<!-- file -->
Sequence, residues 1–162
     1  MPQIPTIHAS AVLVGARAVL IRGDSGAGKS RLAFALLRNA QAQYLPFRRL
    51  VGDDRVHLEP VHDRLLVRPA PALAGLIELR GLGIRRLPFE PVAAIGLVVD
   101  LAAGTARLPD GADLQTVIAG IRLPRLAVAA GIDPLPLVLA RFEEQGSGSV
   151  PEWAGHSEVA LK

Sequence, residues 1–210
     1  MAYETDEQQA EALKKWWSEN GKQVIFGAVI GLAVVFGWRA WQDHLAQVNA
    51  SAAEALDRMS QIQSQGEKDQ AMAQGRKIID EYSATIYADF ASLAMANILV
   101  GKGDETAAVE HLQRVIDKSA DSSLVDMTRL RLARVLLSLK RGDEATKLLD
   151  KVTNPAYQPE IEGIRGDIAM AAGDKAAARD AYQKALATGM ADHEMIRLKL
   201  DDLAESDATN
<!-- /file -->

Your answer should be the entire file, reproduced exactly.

Sequence, residues 1–162
     1  MPQIPTIHAS AVLVGARAVL IRGDSGAGKS RLAFALLRNA QAQYLPFRRL
    51  VGDDRVHLEP VHDRLLVRPA PALAGLIELR GLGIRRLPFE PVAAIGLVVD
   101  LAAGTARLPD GADLQTVIAG IRLPRLAVAA GIDPLPLVLA RFEEQGSGSV
   151  PEWAGHSEVA LK

Sequence, residues 1–210
     1  MAYETDEQQA EALKKWWSEN GKQVIFGAVI GLAVVFGWRA WQDHLAQVNA
    51  SAAEALDRMS QIQSQGEKDQ AMAQGRKIID EYSATIYADF ASLAMANILV
   101  GKGDETAAVE HLQRVIDKSA DSSLVDMTRL RLARVLLSLK RGDEATKLLD
   151  KVTNPAYQPE IEGIRGDIAM AAGDKAAARD AYQKALATGM ADHEMIRLKL
   201  DDLAESDATN